The foundation of structural linguistics is a "sign," which in turn has two components: a "signified" is an idea or concept, while the "signifier" is a means of expressing the signified. The "sign" is thus the combined association of signifier and signified. Signs can be defined only by being placed in contrast with other signs, which forms the basis of what later became the paradigmatic dimension of semiotic organization (i.e., collections of terms/entities that stand in opposition). This idea contrasted drastically with the idea that signs can be examined in isolation from a language and stressed Saussure's point that linguistics must treat language synchronically.
Paradigmatic relations hold among sets of units that (in the early Saussurian renditions) exist in the mind, such as the set distinguished phonologically by variation in their initial sound cat, bat, hat, mat, fat, or the morphologically distinguished set ran, run, running. The units of a set must have something in common with one another, but they must contrast too, otherwise they could not be distinguished from each other and would collapse into a single unit, which could not constitute a set on its own, since a set always consists of more than one unit. Syntagmatic relations, in contrast, are concerned with how units, once selected from their paradigmatic sets of oppositions, are 'chained' together into structural wholes. These dimensions, still fundamental to all linguistic and semiotic organisation, are often confused with other, related but quite distinct dimensions of organisation. Prominent examples of this are the confusion of paradigmatic with spatial relationships, and syntagmatic with temporal relations. For the latter, for example, the fact that in spoken language syntagmatic units come 'one after the other' is misread as a temporal relationship rather than the abstract structural relationship that it actually is. Thus, in written language, syntagmatic units are organised by spatial sequentiality and not by temporal sequentiality. These conflations can be quite pernicious and need to be watched for carefully when reading texts purporting to use Saussurean or semiotic methods.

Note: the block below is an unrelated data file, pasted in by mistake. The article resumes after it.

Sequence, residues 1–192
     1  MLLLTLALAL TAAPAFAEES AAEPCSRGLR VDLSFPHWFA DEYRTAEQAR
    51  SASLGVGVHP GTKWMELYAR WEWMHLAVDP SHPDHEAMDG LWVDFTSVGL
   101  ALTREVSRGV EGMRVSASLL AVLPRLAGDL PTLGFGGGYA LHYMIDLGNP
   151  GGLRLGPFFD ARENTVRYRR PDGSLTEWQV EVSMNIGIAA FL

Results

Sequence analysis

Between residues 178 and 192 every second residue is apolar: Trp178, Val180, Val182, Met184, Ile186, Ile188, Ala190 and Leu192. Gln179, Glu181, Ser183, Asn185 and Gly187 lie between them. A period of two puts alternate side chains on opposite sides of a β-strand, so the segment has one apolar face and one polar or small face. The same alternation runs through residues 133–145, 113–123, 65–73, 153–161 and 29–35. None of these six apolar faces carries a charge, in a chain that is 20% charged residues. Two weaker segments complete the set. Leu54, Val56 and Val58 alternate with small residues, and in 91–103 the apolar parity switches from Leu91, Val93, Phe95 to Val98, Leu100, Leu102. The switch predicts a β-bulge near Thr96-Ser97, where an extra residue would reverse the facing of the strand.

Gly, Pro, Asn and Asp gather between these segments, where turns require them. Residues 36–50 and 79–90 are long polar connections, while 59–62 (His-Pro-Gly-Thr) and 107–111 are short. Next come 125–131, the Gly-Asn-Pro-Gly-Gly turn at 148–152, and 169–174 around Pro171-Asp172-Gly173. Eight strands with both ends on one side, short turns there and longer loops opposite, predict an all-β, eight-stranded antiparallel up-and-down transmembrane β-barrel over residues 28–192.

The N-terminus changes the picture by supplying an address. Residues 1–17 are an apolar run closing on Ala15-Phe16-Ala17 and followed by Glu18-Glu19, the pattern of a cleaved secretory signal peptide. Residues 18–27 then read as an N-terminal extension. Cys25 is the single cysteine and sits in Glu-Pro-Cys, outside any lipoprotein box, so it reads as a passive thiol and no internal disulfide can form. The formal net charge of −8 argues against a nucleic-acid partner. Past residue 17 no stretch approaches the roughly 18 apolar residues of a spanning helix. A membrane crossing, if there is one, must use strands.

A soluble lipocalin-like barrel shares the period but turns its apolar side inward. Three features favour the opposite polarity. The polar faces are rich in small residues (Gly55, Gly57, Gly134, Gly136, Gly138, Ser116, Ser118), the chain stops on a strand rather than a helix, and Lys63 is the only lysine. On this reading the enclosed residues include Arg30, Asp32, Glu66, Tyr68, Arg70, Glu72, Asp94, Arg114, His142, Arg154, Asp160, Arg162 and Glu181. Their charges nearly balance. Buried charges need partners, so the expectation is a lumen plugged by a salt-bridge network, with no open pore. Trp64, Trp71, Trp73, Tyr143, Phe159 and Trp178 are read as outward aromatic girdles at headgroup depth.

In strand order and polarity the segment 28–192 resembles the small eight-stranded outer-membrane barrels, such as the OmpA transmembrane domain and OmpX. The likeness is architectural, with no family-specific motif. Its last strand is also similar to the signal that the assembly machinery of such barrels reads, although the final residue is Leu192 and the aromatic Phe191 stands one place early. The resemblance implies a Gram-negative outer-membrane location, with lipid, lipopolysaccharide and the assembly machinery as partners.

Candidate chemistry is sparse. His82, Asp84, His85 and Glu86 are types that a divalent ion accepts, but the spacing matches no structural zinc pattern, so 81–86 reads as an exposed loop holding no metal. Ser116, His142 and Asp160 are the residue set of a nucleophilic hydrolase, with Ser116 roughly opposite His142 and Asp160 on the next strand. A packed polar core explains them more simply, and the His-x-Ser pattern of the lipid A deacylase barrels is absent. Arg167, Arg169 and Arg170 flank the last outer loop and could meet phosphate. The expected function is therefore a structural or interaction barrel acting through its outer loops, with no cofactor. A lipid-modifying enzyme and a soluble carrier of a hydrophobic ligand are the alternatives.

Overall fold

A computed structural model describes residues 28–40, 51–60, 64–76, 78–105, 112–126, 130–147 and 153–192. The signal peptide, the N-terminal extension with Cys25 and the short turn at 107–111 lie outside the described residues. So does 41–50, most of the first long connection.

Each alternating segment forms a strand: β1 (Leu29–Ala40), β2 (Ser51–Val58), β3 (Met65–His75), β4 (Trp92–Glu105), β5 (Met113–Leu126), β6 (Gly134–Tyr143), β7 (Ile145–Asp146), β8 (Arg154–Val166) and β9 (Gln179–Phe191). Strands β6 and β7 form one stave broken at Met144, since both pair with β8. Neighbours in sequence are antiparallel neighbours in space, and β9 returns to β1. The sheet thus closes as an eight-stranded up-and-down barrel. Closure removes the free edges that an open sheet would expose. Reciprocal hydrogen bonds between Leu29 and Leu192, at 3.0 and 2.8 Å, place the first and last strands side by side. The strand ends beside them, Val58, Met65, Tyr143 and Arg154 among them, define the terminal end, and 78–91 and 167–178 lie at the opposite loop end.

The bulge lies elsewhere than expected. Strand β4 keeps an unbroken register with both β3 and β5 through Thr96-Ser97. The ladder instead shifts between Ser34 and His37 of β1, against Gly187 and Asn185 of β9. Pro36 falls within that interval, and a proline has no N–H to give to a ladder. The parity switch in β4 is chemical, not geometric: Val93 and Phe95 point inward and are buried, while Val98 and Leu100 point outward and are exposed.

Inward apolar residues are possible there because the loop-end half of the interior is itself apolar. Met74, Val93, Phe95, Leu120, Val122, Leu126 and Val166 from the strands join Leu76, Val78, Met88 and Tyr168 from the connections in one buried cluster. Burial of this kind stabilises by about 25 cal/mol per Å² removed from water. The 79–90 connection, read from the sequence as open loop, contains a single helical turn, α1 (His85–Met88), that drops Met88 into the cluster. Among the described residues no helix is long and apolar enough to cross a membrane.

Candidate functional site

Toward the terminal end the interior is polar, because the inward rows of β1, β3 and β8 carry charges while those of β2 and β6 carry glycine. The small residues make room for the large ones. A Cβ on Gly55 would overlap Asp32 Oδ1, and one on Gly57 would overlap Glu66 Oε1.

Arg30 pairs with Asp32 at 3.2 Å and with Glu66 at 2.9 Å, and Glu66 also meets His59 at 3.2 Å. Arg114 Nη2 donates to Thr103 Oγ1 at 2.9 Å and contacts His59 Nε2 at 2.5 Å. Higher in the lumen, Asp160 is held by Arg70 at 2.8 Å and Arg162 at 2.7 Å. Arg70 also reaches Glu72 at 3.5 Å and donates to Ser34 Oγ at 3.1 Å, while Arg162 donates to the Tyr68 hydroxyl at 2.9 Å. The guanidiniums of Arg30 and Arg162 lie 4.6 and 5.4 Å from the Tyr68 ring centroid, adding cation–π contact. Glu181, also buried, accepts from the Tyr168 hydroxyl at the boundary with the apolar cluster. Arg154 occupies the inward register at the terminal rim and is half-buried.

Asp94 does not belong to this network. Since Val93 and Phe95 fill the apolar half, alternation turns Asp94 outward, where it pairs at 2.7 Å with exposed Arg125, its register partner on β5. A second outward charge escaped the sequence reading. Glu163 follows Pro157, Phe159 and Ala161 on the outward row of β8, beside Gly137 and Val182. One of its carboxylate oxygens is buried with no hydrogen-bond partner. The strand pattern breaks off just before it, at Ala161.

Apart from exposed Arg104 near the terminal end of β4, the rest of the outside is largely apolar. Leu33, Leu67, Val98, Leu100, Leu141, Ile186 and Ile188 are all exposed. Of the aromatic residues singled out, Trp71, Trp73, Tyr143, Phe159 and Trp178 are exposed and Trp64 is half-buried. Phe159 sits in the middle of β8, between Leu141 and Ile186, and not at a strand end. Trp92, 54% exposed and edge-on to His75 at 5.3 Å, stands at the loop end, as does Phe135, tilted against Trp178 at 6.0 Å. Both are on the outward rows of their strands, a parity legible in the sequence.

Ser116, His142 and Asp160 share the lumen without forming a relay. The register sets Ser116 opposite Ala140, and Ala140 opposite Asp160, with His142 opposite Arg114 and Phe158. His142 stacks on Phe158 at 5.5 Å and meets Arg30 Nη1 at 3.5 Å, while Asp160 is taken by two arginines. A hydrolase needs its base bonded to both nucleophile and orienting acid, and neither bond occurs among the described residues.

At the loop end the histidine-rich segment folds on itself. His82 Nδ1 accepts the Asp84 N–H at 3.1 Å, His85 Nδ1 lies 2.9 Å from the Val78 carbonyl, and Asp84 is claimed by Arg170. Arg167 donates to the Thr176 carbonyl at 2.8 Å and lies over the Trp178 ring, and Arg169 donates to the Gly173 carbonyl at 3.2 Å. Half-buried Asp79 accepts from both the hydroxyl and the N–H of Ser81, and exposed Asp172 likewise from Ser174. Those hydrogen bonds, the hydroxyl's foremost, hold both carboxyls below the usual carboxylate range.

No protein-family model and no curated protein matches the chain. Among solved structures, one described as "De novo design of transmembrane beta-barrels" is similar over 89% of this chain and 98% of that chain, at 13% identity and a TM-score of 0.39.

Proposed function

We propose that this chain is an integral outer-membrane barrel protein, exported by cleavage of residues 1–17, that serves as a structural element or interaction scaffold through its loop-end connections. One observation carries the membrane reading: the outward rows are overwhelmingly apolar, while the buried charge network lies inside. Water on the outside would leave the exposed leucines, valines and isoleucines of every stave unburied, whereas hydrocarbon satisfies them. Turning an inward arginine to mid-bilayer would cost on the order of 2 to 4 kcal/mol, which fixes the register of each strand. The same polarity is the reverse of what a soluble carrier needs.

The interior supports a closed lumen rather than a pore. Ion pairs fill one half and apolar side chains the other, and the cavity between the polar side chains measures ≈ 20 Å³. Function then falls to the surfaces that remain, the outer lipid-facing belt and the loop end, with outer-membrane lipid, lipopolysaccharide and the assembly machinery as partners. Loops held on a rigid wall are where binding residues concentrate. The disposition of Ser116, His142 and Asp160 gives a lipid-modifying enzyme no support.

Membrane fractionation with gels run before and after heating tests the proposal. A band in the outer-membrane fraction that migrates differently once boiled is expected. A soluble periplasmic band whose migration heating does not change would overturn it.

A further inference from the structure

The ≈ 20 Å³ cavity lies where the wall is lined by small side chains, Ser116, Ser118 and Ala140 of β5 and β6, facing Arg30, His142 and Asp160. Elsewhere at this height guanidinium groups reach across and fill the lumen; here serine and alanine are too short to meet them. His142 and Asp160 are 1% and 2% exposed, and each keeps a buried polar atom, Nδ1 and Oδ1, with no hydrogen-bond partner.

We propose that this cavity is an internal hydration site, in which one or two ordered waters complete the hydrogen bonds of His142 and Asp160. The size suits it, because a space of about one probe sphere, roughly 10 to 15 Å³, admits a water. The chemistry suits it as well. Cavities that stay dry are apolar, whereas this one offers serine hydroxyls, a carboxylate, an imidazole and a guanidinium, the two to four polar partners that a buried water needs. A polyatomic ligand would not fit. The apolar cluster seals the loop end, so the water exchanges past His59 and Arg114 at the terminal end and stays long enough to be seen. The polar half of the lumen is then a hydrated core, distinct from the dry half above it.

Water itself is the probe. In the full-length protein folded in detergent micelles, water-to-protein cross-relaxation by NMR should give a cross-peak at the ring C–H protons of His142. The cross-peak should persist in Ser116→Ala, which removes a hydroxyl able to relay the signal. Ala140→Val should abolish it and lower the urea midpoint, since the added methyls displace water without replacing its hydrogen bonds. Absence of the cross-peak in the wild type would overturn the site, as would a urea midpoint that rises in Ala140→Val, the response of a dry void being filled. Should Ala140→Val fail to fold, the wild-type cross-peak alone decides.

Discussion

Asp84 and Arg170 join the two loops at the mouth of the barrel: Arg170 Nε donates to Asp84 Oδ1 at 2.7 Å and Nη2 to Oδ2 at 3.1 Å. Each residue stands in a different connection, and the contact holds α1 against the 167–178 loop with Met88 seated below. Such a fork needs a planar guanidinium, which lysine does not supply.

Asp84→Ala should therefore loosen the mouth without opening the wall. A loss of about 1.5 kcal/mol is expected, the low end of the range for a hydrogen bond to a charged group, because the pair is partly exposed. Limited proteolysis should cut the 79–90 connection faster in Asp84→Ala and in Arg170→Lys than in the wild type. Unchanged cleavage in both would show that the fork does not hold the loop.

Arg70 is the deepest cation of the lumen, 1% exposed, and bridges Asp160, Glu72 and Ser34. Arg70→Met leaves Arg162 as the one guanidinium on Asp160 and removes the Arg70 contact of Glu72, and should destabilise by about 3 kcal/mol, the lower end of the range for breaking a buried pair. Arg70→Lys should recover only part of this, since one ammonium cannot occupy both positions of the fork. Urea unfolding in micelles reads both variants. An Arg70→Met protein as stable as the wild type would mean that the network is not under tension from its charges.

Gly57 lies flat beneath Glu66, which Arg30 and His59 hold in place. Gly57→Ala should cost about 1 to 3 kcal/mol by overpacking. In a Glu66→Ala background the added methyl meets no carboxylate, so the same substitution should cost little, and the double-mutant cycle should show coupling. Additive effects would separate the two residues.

One further common confusion here is that syntagmatic relations, assumed to occur in time, are anchored in speech and are considered either diachronic (confusing syntagmatic with historical) or are part of parole ("everyday speech": confusing syntagmatic with performance and behaviour and divorcing it from the linguistic system), or both. Both paradigmatic and syntagmatic organizations belong to the abstract system of language langue (French for "Language;" or an abstract, Platonic ideal). Different linguistic theories place different weight on the study of these dimensions: all structural and generative accounts, for example, pursue primarily characterisations of the syntagmatic dimension of the language system (syntax), while functional approaches, such as systemic linguistics focus on the paradigmatic. Both dimensions need to be appropriately included, however.